Posts Tagged ‘broadway’

It’s Broadway Week! Time for Two-for-one Broadway Tickets and Great Eats

Broadway Week, from September 3-16, lets you buy two-for-one tickets to 24 of Broadway’s hottest shows. Several of the shows are already sold out, but some of the hottest ones available include SpongeBob SquarePants (catch it before it closes this month), My Fair Lady (at Lincoln Center), The Play That Goes Wrong (hilarious British farce), Tony-award winner Once on This Island, Waitress and family-fave Wicked. https://www.nycgo.com/broadway-week

There are many places where you can dine near the theaters, but here are some of my favorites for both family and date-night dining.

Sen Sakana (28 West 44th Street, 212-221-9560)

New York City’s first modern Nikkei restaurant is set in an expansive two-level restaurant closer to the Sixth Avenue theaters. Offering a four-course prix-fixe menu from 5pm-6:30pm Monday through Saturday and all day Sunday, Sen Sakana invites you to start with either chicken or miso soup; select an appetizer from a list including house-crafted tofu, Japanese chicken curry empanadas, spicy tuna maki and Black Feather chicken wings (my personal favorite). For the main course, Chicken Nanban is a must-order as well as the sushi combination plate or ton katsu. The restaurant has an extensive craft cocktail menu including a variety of sakes and piscos, complementing the mix of Peruvian and Japanese cuisine served, along with a global list of wines. The perfect ending? Sen Sakana’s unusual ice creams.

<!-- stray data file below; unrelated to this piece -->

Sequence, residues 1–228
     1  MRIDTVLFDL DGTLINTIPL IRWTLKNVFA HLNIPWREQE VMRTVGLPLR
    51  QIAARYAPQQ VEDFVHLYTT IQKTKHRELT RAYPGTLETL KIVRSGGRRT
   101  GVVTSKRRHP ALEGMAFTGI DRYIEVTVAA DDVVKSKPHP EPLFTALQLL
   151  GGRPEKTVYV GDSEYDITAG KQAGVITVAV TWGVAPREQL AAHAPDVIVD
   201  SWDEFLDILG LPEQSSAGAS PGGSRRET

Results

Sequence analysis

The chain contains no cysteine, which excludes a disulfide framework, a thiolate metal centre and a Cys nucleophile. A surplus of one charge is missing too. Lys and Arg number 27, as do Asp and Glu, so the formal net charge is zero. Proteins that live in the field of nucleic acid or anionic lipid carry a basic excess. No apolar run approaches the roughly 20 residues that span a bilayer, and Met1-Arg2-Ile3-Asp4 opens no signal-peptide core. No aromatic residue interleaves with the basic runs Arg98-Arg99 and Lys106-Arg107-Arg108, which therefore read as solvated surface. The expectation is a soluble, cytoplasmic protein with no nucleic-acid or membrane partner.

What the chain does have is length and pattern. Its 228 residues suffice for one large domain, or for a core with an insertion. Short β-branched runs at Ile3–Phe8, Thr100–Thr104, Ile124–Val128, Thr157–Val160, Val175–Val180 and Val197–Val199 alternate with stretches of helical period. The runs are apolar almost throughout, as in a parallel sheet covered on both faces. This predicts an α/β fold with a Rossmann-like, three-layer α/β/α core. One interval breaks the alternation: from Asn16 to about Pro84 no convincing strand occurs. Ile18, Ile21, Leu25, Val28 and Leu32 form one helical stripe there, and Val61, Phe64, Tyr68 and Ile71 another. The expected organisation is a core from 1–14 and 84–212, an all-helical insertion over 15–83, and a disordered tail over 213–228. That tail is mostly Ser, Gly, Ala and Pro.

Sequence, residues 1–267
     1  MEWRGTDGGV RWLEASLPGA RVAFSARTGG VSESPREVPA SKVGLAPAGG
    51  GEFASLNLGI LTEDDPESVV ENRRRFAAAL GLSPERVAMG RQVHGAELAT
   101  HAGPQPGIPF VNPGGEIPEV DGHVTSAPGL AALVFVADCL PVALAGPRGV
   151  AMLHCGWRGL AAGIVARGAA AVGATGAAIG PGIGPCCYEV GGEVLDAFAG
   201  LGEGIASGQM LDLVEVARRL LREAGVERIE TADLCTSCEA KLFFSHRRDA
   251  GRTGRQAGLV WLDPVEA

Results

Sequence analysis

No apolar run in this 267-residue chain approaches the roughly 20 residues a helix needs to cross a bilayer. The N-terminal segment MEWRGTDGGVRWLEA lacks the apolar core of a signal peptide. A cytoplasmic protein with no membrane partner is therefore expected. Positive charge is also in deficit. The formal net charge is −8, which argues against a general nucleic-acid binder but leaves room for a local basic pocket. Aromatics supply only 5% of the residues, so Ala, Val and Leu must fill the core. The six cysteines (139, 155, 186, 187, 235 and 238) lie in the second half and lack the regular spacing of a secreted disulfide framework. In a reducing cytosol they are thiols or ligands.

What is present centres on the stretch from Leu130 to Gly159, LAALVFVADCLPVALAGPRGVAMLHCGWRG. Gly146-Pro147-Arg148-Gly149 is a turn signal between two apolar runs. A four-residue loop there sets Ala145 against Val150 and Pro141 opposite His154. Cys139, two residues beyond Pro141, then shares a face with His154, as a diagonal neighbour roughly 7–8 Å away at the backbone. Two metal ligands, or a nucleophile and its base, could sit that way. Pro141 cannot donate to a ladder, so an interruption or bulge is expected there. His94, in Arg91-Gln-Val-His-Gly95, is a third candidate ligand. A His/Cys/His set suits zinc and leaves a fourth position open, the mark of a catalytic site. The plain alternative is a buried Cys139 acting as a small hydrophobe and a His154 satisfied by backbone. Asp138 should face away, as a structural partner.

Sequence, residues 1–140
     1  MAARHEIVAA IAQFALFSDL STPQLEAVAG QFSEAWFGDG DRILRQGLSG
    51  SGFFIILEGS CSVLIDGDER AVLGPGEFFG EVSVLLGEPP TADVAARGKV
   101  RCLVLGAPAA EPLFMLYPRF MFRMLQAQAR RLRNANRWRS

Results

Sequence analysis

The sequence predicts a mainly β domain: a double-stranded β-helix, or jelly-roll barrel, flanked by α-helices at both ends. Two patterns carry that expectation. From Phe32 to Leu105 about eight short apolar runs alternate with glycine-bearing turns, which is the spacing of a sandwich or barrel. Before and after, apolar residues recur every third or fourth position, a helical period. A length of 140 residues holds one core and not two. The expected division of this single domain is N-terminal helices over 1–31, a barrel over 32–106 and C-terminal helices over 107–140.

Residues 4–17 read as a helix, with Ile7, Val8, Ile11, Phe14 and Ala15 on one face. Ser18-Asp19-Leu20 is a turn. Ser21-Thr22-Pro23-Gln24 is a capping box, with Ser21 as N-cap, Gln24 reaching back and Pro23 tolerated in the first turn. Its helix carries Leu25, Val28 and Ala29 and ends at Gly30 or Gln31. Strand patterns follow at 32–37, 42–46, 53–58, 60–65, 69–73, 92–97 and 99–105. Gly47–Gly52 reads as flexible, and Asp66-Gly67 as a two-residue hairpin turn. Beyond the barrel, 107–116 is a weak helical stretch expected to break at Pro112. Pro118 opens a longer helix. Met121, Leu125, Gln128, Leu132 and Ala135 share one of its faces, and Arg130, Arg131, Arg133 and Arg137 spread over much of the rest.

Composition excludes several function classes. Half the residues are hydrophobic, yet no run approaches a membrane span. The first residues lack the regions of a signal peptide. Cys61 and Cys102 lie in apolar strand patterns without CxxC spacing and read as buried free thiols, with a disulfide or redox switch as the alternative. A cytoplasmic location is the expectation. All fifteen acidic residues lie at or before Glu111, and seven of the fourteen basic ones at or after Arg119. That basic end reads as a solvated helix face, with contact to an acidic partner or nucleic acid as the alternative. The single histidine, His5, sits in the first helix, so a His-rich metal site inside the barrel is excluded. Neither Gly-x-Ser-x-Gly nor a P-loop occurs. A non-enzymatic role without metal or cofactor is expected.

Green Fig (570 Tenth Avenue, 646-449-7790)

A short walk from the Broadway theaters, Green Fig in the Yotel has a beautiful outdoor rooftop and indoor space for dining on Mediterranean fare. The menu features dishes such as fried cauliflower, flatbreads, kebabs and salads. The terrace also has a new grill where you can order grilled watermelon steak (it’s amazing), burgers, hot dogs and more. Refreshing cocktails like The Purple Bee, a gin, lemon juice and honey-lavender syrup potion; and the Watermelon Moonlight made with watermelon, ruby red moonshine and lemon juice are popular choices. Take a few minutes to check out the cabaret entertainment line-up at Green Room 42 on the same floor as the main dining room.